Press on the untreated sewerage in Beare Park, Elizabeth Bay

November 27, 2008

Some press on the untreated sewerage – page 4 in the latest City News, and page 3 in the Wentworth Courier.

I also received a copy of a letter from the Lord Mayor to Sydney Water calling on Sydney Water to fix the problem up.

Sewerage in the harbour at Elizabeth Bay – Council and Sydney Water debacle

November 26, 2008

There was much excitement in Elizabeth Bay for the wrong reasons last week when people found themselves swimming in the harbour amidst untreated sewerage. The Wentworth Courier has a story on it here.

The problem is that untreated sewerage is stored with stormwater somewhere near the park and it overflows when there’s a lot of stormwater. The mixture is allowed to escape into the harbour rather than back up into people’s homes. A friend told me that Sydney Water has an ongoing program to fix this up all around the harbour.

People have known about this situation in Elizabeth Bay for a while – the problem is that the City of Sydney recently installed two sets of stairs in the renovated Beare and Rotary Parks down to the harbour water without (i) the problem being fixed up, and (ii) letting people know about the problem.

A Council staff member told me that they had contacted Sydney Water a number of times telling them that the park renovation was a perfect time to fix up the problem and that Sydney Water said that it had been “investigating” it.

So it didn’t fix the problem. Council also didn’t let people know of the potential overflow problem. After the overlow last Friday I put up a paper A3 sign warning people of the potential for untreated sewerage in the water. According to the Wentworth Courier story, Sydney Water thinks that it’s Council’s responsibility to let people know, while Council thinks it’s Sydney Water’s. Given that Council installed the stairs, one might think that Council should inform people that there could be an overflow situation.

At the Council meeting last Monday, the Lord Mayor attacked Sydney Water without addressing Council’s role, but I have heard that Council may put up some notice about the potential untreated sewerage.

There are two major points there – firstly, the untreated sewerage problem should be dealt with, and secondly, as Council installed the stairs facilitating people swimming in the harbour, it has a responsibility to inform people of the potential problem and not buckpass to Sydney Water.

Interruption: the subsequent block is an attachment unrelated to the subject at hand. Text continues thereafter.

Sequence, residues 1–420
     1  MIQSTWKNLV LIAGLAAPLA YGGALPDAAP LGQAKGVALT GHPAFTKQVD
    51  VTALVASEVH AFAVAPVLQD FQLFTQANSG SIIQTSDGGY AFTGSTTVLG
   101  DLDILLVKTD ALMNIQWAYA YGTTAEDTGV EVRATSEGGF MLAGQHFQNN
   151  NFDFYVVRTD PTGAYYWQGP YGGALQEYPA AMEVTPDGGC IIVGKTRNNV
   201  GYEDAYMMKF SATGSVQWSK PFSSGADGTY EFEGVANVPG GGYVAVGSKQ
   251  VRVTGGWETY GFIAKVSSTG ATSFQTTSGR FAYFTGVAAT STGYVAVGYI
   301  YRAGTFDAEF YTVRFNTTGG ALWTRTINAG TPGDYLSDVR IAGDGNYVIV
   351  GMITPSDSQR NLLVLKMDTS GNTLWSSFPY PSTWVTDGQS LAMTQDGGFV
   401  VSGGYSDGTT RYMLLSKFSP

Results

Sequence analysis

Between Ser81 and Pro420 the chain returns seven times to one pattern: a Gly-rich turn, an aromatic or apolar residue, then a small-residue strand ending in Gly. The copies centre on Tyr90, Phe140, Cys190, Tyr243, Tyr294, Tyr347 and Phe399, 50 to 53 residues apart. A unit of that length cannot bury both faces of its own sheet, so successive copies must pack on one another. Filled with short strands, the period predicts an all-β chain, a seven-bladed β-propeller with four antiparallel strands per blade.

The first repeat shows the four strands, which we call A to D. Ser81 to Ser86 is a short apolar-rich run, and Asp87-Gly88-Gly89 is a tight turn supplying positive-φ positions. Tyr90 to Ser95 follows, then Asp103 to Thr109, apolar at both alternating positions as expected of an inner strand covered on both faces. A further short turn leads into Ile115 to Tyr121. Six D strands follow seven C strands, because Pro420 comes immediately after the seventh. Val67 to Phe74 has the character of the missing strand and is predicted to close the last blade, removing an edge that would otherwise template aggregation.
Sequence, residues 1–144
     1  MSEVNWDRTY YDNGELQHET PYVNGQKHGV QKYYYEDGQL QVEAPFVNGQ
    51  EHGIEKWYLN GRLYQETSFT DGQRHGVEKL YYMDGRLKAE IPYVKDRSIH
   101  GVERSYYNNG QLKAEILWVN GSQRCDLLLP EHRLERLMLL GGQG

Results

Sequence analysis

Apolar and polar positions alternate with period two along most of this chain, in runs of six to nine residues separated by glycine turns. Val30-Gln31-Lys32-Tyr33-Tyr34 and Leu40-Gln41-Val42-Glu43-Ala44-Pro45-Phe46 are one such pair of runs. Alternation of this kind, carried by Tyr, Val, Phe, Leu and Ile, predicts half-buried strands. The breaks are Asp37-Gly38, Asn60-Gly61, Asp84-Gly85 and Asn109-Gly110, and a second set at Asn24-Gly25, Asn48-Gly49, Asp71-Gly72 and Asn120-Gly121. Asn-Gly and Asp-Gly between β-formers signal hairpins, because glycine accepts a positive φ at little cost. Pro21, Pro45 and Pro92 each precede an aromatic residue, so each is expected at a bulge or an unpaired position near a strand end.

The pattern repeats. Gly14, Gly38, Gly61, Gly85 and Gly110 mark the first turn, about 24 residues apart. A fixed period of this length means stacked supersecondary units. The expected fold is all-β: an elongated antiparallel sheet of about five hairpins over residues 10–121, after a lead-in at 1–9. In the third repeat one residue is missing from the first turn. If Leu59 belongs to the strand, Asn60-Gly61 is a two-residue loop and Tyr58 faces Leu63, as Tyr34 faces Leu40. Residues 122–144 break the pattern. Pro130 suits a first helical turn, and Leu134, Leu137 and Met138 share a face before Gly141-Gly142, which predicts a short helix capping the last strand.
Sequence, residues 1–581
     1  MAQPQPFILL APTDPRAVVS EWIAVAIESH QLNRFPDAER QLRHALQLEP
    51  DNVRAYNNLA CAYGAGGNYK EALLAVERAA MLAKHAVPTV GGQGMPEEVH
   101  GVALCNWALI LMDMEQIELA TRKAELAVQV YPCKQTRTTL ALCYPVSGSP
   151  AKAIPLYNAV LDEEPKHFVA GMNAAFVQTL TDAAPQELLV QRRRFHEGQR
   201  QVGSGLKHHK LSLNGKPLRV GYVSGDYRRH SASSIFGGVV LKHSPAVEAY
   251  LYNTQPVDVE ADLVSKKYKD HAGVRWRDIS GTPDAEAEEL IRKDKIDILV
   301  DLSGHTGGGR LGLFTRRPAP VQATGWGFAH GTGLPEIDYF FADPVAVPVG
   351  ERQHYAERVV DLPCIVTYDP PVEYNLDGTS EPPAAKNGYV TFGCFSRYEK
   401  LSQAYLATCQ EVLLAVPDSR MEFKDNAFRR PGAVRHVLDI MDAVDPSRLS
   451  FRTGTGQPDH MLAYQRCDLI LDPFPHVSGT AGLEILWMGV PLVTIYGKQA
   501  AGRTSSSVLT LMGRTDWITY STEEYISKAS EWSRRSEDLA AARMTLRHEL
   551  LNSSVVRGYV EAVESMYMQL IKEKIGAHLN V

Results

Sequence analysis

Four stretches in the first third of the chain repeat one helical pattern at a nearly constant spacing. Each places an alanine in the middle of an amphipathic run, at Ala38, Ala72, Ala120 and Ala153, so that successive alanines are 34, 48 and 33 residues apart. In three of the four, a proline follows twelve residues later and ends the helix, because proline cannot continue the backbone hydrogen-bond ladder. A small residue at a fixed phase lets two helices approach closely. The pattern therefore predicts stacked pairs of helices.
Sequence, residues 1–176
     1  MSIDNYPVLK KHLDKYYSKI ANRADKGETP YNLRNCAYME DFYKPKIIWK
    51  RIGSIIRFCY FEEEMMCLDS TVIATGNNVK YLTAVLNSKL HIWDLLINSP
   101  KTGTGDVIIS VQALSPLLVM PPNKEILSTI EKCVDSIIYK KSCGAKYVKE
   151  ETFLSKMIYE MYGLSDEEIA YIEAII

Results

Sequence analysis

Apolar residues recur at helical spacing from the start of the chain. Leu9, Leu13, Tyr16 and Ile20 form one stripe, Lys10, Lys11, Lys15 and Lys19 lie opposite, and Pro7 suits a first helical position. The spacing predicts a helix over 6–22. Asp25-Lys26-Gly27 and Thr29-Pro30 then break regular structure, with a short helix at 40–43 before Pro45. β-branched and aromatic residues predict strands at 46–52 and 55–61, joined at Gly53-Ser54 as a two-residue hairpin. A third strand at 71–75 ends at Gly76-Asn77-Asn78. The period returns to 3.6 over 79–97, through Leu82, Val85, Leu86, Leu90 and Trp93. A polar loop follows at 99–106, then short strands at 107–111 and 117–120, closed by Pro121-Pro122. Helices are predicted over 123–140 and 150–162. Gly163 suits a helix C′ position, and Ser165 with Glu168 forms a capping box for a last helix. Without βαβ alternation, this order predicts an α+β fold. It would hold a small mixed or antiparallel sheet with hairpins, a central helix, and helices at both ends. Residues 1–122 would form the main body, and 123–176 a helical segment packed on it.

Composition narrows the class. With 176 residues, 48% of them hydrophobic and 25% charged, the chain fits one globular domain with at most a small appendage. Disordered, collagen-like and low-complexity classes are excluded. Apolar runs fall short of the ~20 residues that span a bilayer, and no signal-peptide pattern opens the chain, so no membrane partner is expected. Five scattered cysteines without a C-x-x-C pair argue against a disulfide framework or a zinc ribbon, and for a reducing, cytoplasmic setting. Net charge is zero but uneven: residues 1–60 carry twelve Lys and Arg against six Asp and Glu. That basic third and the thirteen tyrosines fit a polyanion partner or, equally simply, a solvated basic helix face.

City of Sydney must act on alcohol problems

November 3, 2008

I sent the following e-mail to all City of Sydney Councillors yesterday. The State Govt is finally doing something about trying to reduce the alcohol-related problems in NSW although its net impact could be limited in the inner-east.


Dear Councillors,
Council will be considering two DAs of particular concern Monday 3 November:
  • the DA to extend the trading hours of Hugos Pizza in Kings Cross, and
  • the DA relating to a bar in Llankelly Place, Kings Cross which would be the first licensed premises under the new small bars regime.
Local residents urge you to reject both of these DAs for the reasons discussed by residents and Councillors at the Committee meeting a fortnight ago.  We favour a minimal aount of regulation – in these cases regulation is needed and the DAs should be rejected as:
  • the recommended extended trading hours for Hugos Pizza will increase the overall supply of alcohol in the early morning in Kings Cross and is likely to increase the numbers of people in the vicinity of Bayswater Rd after 4am, exacerbating the current problems in the vicinity of Bayswater Rd and nearby areas;
  • It is likely a small bar in Llankelly Place will have high noise impacts on the amentiy of nearby local residents, especially as smoking patrons are most likely to use Llankelly Place to smoke.
These cases demonstrate the necessity for Council to better consider the cumulative impact of numerous licensed premises when considering DAs. This is a matter of taking due and proper consideration of the wider impacts on personal safety and amenity of having numerous licensed premises in one particular area. We call on Council to develop and release its policy on cumulative impact and density of licensed premises.
Just in the last two days there have been fights and stabbings in Oxford St and Kings Cross – while it isn’t clear whether they were alcohol-related, they are further examples of the violence in the inner east that the availability of alcohol is directly related to. The NSW Police have consistently stated that the availability of alcohol is a very great factor in the amount of violence.
It is time for the whole community to take action to deal with the personal and social problems caused by the availability of alcohol. The State Government looks as if it may tinker with the existing system, but the discussed changes don’t look likely to stop the alcohol-related problems in the City east.
Council must act if the State Government does not.
Dr Sacha Blumen
2011 Residents’ Association Inc